This is a time of year when traditions find their way back into our home. But, you know what? Sometimes I have no idea where these traditions have come from. More often, I never expected that they would become traditions in the first place. But they have, just because it is what we “always” do. It is what my children expect that we do. It is what they remember and count on and find comfort in.
I often read my 8yo’s writing (*proud proud proud* of it, too) and am stunned by what he remembers. I can’t believe he has this or that stored away and then accessed over and over as “that time when we went to that place and this happened.” Why was that special? It wasn’t special. Was it?
It is dawning on me that I am responsible for my children’s official childhood memories.
Oh my God.
This seems more mind-blowing than the daily exhaustion of feeding, clothing, schooling, homeworking, driving them. Because so much of the very mundane, very everyday stuff will mostly be forgotten (I think). It is the traditions and the trips. The decorations I pull out and the chocolate chip pancakes on Saturday mornings that WILL be remembered. And I am in charge of all that. So I better make it good.
I’m trying. I know I can’t over-think it. But I’m trying. So, today, we went to a corn maze — a tradition they have come to count on every October. We had a great time. Phew.
Because here’s the other part. While I am responsible for their memories, I can’t control what their minds snap hold of and never forgets. Will my 5 yo remember how I hollered at him when we got home about video games? I yelled that he needed to get outside, and “I don’t CARE what you’re saying, just stop bothering me already!” …Ugh. Will he remember that today, too? Because I was tired after a morning of driving an hour there, traipsing through a corn maze, rallying them through carnival games and driving them back. Sure, any adult could understand what set me off. But a child very often does not. So, will my 5yo remember “Yeah, we did this fun thing but my mom yelled at me about video games that day and it made me sad.”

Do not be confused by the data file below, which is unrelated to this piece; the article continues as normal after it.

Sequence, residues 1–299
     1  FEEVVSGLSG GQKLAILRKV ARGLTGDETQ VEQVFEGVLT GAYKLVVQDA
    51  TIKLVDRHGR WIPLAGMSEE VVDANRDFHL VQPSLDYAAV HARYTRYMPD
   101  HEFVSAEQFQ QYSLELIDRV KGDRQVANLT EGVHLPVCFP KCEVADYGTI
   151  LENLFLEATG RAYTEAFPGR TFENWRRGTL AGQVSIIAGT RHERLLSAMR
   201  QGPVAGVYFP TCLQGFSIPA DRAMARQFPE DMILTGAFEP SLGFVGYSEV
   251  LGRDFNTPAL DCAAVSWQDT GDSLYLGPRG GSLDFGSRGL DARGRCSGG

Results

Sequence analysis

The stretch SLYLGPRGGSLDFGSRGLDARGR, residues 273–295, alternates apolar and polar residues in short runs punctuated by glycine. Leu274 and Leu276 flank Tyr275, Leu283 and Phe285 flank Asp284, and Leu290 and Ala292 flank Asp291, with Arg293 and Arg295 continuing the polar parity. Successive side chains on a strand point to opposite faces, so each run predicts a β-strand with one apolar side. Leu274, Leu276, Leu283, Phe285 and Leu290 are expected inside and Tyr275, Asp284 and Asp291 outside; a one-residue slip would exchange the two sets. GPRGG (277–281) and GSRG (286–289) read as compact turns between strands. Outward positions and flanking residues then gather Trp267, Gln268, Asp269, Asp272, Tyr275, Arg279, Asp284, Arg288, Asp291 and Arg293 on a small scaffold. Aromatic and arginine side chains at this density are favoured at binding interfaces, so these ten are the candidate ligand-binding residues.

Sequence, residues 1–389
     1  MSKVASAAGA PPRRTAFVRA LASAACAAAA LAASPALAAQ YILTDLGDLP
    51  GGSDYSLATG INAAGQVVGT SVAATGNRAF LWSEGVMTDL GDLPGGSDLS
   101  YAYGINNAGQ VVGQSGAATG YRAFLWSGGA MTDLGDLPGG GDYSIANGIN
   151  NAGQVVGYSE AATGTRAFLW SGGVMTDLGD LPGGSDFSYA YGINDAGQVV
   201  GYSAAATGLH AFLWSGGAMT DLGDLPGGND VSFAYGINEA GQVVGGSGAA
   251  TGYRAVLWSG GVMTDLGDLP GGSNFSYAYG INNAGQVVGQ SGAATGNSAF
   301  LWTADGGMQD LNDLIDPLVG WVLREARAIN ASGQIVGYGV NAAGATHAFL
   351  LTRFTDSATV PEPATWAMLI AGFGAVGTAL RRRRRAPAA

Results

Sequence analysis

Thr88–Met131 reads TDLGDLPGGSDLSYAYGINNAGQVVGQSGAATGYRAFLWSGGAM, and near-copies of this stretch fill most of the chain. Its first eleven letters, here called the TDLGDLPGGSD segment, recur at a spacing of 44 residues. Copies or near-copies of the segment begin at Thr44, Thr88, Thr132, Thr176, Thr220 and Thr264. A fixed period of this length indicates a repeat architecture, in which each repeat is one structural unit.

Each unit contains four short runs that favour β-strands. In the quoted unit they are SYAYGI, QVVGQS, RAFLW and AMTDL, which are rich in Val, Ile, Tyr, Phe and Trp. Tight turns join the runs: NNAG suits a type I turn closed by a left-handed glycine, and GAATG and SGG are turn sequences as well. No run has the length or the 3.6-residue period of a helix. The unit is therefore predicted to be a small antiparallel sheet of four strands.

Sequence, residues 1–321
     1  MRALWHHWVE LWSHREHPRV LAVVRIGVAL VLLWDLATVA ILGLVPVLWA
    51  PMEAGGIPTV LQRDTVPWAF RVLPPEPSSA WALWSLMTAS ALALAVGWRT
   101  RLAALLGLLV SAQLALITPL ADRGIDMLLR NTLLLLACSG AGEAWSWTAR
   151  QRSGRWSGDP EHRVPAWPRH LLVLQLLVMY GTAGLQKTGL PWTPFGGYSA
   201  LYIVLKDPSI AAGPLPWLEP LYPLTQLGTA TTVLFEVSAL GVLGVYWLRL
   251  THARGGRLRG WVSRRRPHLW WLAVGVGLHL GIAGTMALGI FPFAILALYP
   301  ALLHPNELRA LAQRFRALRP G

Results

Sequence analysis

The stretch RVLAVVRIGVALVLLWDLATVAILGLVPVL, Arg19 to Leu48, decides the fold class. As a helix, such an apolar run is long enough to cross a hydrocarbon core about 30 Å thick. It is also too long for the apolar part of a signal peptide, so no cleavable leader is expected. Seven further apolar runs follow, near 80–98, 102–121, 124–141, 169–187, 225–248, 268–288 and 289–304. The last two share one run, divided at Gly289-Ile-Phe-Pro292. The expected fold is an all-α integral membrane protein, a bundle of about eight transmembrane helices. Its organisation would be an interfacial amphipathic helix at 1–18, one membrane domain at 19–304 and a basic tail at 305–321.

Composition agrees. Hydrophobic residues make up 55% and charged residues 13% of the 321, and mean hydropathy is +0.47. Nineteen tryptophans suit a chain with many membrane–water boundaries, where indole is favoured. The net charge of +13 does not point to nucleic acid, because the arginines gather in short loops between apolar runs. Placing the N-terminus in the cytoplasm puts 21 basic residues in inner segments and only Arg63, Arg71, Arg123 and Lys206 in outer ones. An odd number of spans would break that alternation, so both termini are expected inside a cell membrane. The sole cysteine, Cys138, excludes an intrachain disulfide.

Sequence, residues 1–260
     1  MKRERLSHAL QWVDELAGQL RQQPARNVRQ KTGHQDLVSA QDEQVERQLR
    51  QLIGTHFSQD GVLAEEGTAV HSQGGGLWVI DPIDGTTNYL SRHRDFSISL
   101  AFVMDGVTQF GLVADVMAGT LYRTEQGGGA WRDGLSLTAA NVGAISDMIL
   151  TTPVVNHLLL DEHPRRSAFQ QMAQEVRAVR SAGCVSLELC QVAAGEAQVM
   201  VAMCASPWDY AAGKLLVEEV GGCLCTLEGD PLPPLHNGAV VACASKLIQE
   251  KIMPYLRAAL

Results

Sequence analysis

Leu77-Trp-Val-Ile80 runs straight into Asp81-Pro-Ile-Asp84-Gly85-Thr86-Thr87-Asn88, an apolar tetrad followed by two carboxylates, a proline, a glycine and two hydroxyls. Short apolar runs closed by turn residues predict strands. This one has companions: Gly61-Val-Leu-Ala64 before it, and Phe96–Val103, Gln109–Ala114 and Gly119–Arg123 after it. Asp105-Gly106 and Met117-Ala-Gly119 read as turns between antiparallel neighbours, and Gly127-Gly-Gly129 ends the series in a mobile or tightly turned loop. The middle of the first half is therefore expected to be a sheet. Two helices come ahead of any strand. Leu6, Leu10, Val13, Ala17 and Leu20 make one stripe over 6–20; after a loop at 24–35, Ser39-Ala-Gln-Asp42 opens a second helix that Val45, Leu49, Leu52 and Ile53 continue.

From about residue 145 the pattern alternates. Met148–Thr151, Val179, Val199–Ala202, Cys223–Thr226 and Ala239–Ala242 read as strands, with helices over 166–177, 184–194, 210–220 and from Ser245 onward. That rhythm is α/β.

I suppose we can’t control what sends them to therapy one day. I suppose every mother does her pound of damage.
So the point is here that I’m aware. I’m aware that my children look to me and wait for me to create their childhood. They wait to be exposed to what is out there and then expect explanations. And if we just happen to do it over and over, it is “what WE do, in THIS family” and that is that.
I hope I can do right by them. I know I won’t. Not entirely. And they will tell me about the times I yelled at them someday. But I have to hold on to hope — and go into that weird place of denial most mothers do so that they don’t go insane with guilt — that these two very significant childhoods will be good enough.